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Short selling tests China’s zeal for market reform

As the novel coronavirus swept the world this year, Chinese hedge fund manager Yuan Yuwei made lucrative short-selling bets against stocks such as New York-listed Starbucks Corp, Yum China Holdings Inc and Walt Disney Co.

At home, he barely bothered.

“Short-selling is too inefficient in China. Either there are no available stocks to borrow, or it takes too long,” said Yuan, who runs a global macro fund for Olympus Hedge Fund Investments.

Short sellers sell borrowed shares in the hope of buying them back when prices fall and pocketing the difference. Those such as Carson Block of Muddy Waters and Dan David of Wolfpack Research have made their name shorting Chinese stocks but, like Yuan, their bets have been against stocks in New York or Hong Kong, not Shanghai or Shenzhen.

This could be about to change. Last Friday, regulators relaxed short-selling rules for Shenzhen’s $1 trillion (805 billion pounds) startup board, ChiNext, for domestic market participants. They are also considering letting foreigners borrow or lend mainland stocks to short.

Such reform could increase competitiveness and bring China’s markets a step closer to more robust capital-raising centres such as New York and Tokyo.

Shares loaned for shorting in Shanghai and Shenzhen as of June 16 totalled $3.96 billion versus a stock market capitalisation of $8.9 trillion – a ratio of 0.044%, official data showed.

While markets do not calculate short data in exactly the same way, figures from IHS Markit show short interest in the United States of $780 billion, or 2.4% of market cap, and 1.5% for Tokyo.

Due to reform, however, Broker TF Securities estimates short selling in China is likely to grow 10-fold this year and double next year.

Others point to myriad hurdles – both operational and cultural.

“In the short term, many obstacles are insurmountable,” said Wang Li, chief executive of hedge fund Full Harvest and former BlackRock money manager. “Little has changed after so many years, so I’m a bit disillusioned.”


Friday’s changes mark a major shift since 2015, when regulators blamed “malicious” short sellers for illegally “manipulating” the futures market and triggering a crash.

Keen to attract international money, regulators said they are more receptive to shorting as a hedging tool used by long-term investors and as a means of profiting by betting against stocks deemed over-valued.

Regulators also hope it could act as a stabilising force if short sellers’ bearish views help limit speculative bubbles.

Their ChiNext changes, likely effective from August, are part of reforms to the board’s listing system.

Under these reforms, a wider group of domestic participants, including strategic investors, mutual fund managers, pension funds and insurers, will be allowed to lend stock.

Investors will also be able to short stock as soon as it debuts, compared with the main board’s three-month lag.

While borrowers and lenders must still conduct transactions through China Securities Finance (CSF), both will be given greater scope to negotiate deal terms.

The next development participants are watching for is allowing foreigners to short – and lend – mainland shares.

“I’m optimistic that we can see more progress this year,” said Lyndon Chao, head of equities and post trade at ASIFMA, which represents global asset managers and brokers in Asia, and regularly discusses market issues with mainland officials.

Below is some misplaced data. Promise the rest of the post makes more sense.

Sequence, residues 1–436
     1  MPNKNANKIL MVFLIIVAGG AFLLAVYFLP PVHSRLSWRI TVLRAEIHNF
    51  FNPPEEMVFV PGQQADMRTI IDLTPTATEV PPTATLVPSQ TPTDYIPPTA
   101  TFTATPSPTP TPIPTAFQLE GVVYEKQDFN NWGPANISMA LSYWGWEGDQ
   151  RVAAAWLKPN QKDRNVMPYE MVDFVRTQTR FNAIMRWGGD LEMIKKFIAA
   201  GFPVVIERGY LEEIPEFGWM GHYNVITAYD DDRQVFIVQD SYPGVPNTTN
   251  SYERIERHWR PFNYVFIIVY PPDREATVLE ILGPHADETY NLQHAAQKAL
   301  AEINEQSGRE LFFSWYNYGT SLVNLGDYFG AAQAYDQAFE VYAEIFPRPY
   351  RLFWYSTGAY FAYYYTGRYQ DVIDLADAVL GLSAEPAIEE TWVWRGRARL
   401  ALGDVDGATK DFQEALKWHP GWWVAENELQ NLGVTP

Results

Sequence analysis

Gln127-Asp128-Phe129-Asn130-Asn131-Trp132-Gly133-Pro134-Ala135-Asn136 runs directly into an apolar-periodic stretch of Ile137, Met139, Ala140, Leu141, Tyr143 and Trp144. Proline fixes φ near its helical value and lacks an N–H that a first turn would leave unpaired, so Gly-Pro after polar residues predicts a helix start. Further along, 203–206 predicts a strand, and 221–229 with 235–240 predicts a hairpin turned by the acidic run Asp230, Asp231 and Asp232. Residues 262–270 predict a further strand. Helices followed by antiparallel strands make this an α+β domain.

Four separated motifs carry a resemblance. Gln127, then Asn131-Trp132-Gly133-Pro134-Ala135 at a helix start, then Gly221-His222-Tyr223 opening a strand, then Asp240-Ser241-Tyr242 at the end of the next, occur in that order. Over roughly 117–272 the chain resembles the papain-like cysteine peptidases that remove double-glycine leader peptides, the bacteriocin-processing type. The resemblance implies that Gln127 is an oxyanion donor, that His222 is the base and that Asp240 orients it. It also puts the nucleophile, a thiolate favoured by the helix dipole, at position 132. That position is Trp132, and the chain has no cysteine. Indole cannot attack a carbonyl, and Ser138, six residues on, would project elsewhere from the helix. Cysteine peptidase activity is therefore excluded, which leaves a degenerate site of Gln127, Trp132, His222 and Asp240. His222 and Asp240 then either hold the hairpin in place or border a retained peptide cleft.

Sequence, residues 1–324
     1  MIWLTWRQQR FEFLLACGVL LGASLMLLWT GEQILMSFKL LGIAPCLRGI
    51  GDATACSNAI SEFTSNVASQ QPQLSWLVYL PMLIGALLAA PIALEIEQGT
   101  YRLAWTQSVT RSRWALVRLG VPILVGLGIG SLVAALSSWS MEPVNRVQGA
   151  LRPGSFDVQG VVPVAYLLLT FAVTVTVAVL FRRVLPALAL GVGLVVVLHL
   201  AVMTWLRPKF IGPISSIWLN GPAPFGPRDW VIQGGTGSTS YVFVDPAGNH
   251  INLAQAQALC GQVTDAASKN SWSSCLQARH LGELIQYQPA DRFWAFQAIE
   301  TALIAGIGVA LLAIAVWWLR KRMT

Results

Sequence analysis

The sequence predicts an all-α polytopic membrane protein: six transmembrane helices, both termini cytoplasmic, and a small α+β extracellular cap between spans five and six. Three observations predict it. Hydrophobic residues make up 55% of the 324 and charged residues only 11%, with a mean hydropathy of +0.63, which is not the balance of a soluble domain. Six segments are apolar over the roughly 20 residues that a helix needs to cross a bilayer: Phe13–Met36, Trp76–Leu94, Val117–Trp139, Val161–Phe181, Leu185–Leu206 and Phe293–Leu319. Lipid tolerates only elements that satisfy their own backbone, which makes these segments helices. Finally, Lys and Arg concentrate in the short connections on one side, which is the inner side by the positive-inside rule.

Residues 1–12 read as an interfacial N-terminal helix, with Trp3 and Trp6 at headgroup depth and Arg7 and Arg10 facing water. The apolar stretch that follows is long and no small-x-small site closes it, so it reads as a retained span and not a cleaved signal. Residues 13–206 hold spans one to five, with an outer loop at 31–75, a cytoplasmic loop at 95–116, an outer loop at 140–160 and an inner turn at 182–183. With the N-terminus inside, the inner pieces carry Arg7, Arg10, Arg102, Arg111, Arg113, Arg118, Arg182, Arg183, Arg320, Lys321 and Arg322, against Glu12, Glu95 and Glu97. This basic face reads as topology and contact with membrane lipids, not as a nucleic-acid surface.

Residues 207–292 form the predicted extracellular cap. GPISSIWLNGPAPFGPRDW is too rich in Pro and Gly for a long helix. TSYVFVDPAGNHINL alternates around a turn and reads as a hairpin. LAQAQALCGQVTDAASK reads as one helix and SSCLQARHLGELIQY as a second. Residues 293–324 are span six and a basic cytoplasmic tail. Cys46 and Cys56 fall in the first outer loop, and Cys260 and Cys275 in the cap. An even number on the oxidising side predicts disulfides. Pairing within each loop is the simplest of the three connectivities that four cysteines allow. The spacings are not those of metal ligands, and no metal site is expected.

Foreigners seeking to hedge mainland exposure – which elsewhere would typically involve stock shorting – can currently only short index futures.


While reform is welcomed, participants said implementation may not be straightforward. One problem is finding shares to borrow.

“Many Chinese institutions trade frequently for quick profit making them unlikely lenders,” said Full Harvest’s Wang.

Another issue is the cost of a centralised system, designed to ensure government oversight.

“When you have CSF as a middleman, you add friction. They also charge you another two percentage points,” said Fang Ming, vice general manager of hedge fund house MingShi Investment.

Fang and others said allowing participants to set their own terms will help, but not solve, issues created by having an intermediary.

The cost of borrowing mainland-listed stock is more than 8% annually of its value, versus 0.9% to 1.2% in Hong Kong, according to brokerage data and people familiar with the markets.


The reforms come as support for short sellers publicly calling out potential problem companies has grown following a series of accounting scandals, such as that involving Luckin Coffee Inc , the U.S.-listed Chinese coffee chain that in April said executives falsified last year’s sales.

Luckin’s sales growth had been questioned two months previously in an anonymous report publicised by Muddy Waters.

Olympus’ Yuan said a more open short-selling mechanism can help root out problem companies.

“You need short sellers to shoot them down and kick them out. Otherwise, they harm investors.”

Chinese regulators have vowed “zero tolerance” toward listed company fraud. The ultimate test for their newfound acceptance of shorting will be whether they let short sellers fire those shots, rather than punishing them as in 2015.

“I could write articles criticising some listed companies, but I need to be very cautious, and the wording has to be gentle,” Xin Chen, professor at the Shanghai Advanced Institute of Finance, told venture capitalists in a recent video seminar.

Wolfpack’s David put it more simply: “Without some form of freedom of speech, short selling cannot exist.”
Source: Reuters (Reporting by Samuel Shen and Alun John; Editing by Jennifer Hughes and Christopher Cushing)

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